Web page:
Russian President Vladimir Putin is in Germany Tuesday to meet with German Chancellor Gerhard Schroeder. The talks are expected to focus on Russia's Soviet-era debt to Germany as well as the American-led war against terrorism.
Russian President Vladimir Putin's visit to Weimar, in eastern Germany, is expected to help the two sides iron out an agreement on old debt.
In comments to reporters before leaving, Mr. Putin said the two sides are close to making a deal on Moscow's debt to the former East Germany. Russia owes Germany about 6.5 billion transferable rubles - a counting mechanism used by the Soviet Union in trade. So far, the two sides have not been able to agree on an exchange rate.
President Putin and Chancellor Schroeder are also expected to discuss the American-led war against terrorism and the upcoming summit next month in Moscow between presidents Bush and Putin.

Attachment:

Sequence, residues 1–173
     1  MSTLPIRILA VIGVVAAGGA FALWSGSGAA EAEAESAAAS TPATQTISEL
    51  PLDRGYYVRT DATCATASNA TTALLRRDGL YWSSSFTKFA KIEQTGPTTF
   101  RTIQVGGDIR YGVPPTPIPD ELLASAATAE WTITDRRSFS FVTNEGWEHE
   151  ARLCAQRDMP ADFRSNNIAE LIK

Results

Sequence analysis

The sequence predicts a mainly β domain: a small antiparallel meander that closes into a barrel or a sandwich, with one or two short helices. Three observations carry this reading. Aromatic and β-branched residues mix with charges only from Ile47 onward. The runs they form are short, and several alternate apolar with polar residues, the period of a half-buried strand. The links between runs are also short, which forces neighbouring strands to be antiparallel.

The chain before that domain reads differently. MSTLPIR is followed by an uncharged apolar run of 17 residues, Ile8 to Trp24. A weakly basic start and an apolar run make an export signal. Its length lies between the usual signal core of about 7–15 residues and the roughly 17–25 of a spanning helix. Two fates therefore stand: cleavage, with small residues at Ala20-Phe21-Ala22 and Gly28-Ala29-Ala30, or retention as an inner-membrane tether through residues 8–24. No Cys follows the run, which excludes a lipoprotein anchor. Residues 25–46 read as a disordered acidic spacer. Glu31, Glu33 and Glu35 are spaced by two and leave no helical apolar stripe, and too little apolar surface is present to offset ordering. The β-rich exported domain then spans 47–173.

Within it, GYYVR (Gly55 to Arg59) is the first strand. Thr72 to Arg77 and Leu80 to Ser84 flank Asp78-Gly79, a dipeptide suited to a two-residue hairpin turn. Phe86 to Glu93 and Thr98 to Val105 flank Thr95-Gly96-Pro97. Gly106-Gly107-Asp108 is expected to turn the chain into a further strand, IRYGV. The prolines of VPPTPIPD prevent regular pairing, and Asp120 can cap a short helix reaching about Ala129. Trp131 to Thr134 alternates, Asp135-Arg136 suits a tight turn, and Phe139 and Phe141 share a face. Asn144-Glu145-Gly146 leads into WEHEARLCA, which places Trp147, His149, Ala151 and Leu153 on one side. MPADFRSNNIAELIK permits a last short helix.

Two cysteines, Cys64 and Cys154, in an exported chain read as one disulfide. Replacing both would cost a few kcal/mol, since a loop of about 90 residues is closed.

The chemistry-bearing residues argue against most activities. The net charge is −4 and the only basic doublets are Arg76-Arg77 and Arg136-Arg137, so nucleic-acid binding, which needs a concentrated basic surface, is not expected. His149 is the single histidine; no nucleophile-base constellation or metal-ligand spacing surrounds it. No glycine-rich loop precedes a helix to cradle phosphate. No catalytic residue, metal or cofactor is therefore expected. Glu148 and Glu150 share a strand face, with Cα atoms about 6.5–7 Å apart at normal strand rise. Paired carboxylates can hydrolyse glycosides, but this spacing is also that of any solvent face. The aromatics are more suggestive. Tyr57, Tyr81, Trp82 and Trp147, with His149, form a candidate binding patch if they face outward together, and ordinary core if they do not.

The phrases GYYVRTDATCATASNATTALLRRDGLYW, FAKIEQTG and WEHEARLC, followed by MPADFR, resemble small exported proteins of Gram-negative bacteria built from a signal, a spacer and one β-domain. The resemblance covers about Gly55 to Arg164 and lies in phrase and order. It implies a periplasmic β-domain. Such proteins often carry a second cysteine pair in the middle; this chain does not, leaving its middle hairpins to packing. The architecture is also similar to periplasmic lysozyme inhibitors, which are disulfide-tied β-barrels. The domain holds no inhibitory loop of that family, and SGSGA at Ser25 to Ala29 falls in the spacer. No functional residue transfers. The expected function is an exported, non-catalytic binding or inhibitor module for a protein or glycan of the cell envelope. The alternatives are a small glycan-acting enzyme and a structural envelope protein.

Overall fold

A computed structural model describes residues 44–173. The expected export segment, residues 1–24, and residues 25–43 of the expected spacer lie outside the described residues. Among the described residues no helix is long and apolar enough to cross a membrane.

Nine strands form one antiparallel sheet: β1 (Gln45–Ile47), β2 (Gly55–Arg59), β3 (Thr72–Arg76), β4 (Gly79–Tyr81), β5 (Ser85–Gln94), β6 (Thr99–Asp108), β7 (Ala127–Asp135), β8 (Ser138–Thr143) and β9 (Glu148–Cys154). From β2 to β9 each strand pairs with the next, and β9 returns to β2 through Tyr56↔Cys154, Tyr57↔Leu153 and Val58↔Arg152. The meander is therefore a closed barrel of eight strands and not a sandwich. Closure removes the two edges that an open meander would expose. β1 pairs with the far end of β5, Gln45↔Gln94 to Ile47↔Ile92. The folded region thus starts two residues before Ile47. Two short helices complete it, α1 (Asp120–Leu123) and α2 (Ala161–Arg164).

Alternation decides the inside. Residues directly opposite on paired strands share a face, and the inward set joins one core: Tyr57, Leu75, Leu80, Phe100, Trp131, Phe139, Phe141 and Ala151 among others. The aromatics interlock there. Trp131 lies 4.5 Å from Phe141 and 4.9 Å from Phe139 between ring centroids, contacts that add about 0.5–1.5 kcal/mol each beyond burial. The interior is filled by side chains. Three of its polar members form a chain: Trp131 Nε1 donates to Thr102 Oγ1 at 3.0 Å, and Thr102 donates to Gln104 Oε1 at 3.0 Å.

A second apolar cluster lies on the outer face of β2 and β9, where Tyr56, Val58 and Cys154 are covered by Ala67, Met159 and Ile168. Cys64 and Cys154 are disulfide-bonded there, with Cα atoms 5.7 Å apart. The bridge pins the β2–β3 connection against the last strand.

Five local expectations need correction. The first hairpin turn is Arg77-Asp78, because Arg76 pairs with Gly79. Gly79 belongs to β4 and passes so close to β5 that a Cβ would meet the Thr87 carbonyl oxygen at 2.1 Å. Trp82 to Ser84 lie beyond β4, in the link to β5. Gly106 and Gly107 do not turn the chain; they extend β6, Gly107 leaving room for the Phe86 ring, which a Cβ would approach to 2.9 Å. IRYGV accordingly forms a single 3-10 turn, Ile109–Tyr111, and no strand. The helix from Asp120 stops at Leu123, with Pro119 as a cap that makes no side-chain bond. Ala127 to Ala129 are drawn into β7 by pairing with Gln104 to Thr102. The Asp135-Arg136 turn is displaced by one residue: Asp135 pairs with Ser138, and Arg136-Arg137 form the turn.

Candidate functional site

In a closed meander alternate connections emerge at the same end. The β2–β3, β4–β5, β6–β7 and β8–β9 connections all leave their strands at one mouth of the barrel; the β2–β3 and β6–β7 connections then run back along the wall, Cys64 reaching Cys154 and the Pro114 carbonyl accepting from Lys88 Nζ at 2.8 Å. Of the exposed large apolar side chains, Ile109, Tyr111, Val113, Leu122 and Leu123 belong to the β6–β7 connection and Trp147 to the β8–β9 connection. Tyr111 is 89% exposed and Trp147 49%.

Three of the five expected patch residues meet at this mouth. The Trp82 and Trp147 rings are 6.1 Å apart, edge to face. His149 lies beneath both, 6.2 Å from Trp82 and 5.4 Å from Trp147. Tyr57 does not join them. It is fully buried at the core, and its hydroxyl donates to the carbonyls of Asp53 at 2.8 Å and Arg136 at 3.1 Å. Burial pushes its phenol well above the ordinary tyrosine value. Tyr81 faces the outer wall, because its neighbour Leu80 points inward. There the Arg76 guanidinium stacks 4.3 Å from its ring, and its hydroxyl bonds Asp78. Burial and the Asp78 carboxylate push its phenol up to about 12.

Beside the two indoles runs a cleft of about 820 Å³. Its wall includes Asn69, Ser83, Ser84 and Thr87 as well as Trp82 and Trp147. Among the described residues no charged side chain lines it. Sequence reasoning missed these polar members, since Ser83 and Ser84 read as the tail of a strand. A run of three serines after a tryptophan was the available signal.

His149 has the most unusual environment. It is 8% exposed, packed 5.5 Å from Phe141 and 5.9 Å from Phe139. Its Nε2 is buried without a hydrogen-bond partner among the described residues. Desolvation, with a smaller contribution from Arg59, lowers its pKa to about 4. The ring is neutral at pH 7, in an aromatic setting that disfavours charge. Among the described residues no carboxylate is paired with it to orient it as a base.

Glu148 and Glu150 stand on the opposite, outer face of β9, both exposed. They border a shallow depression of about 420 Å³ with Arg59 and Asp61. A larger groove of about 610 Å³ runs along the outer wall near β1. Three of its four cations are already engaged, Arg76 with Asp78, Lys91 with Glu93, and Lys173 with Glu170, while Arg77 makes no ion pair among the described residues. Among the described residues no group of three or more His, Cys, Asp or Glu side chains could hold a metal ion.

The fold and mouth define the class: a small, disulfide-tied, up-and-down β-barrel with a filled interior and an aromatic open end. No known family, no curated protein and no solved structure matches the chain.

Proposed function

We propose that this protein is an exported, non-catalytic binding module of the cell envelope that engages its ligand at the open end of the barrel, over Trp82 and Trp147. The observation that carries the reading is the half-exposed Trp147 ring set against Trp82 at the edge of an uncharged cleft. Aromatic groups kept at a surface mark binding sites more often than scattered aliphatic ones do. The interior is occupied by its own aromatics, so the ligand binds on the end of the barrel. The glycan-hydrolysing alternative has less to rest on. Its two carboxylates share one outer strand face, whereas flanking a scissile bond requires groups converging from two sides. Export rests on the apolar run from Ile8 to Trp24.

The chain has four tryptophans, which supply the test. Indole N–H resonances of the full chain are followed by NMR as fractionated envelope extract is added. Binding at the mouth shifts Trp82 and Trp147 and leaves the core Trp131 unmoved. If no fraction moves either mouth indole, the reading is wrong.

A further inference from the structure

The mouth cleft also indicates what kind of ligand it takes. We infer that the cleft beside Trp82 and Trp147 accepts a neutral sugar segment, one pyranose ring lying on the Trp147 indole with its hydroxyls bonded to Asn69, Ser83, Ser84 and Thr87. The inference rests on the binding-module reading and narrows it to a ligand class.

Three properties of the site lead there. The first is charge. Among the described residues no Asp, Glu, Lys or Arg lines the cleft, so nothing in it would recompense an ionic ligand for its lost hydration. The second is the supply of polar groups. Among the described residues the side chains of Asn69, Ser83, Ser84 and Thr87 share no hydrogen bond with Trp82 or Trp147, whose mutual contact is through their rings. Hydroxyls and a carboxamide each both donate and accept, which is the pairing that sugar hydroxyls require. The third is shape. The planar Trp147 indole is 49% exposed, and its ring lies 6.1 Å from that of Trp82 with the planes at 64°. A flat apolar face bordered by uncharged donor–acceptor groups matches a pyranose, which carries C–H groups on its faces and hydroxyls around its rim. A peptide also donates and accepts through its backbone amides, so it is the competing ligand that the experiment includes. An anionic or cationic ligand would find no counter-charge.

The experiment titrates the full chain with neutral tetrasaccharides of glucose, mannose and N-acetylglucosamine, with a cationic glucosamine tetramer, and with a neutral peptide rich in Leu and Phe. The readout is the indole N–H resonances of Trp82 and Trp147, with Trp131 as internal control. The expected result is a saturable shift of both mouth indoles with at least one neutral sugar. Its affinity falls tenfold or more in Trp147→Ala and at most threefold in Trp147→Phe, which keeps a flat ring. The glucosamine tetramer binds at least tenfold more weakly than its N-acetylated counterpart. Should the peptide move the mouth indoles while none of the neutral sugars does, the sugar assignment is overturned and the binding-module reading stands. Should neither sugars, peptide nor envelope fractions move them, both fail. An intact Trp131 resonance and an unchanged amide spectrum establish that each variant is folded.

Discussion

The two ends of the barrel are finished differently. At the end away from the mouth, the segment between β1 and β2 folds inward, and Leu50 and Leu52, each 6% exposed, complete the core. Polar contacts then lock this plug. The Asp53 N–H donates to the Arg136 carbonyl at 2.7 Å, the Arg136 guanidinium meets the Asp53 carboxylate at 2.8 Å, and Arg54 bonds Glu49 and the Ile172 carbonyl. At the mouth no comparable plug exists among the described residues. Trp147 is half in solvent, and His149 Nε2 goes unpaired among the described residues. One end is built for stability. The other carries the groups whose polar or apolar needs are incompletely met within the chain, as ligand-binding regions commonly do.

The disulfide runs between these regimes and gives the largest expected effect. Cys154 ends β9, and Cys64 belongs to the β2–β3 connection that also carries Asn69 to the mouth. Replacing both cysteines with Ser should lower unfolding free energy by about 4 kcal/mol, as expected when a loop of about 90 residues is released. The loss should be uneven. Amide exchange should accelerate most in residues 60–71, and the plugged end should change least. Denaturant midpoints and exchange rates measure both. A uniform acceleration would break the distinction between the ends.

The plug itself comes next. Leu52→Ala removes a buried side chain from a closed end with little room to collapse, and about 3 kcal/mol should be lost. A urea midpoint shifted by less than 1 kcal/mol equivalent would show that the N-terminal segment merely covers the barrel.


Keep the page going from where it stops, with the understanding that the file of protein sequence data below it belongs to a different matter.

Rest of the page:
Tuesday's visit reflects the good relations between the German and Russian leaders. Germany is usually considered Russia's strongest Western ally, as well as its largest trading partner.
President Putin and Chancellor Schroeder have met numerous times in the past and often speak in German without the aid of a translator.
The Russian president learned the language while serving in East Germany during the 1980s for the KGB. Last fall, in a visit to Berlin, President Putin impressed the German political establishment by addressing the parliament in fluent German.
The close relations with Germany also reflect Mr. Putin's desire to have a pro-Western foreign policy. As part of this policy, the Russian president offered his strong support to the United States after the terrorist attacks of September 11. He even went so far as to give his blessing to having U.S. troops in Central Asia, long considered Russia's backyard.
But in recent months, President Putin has come under criticism from opponents who say Russia is not getting enough in return for its western orientation.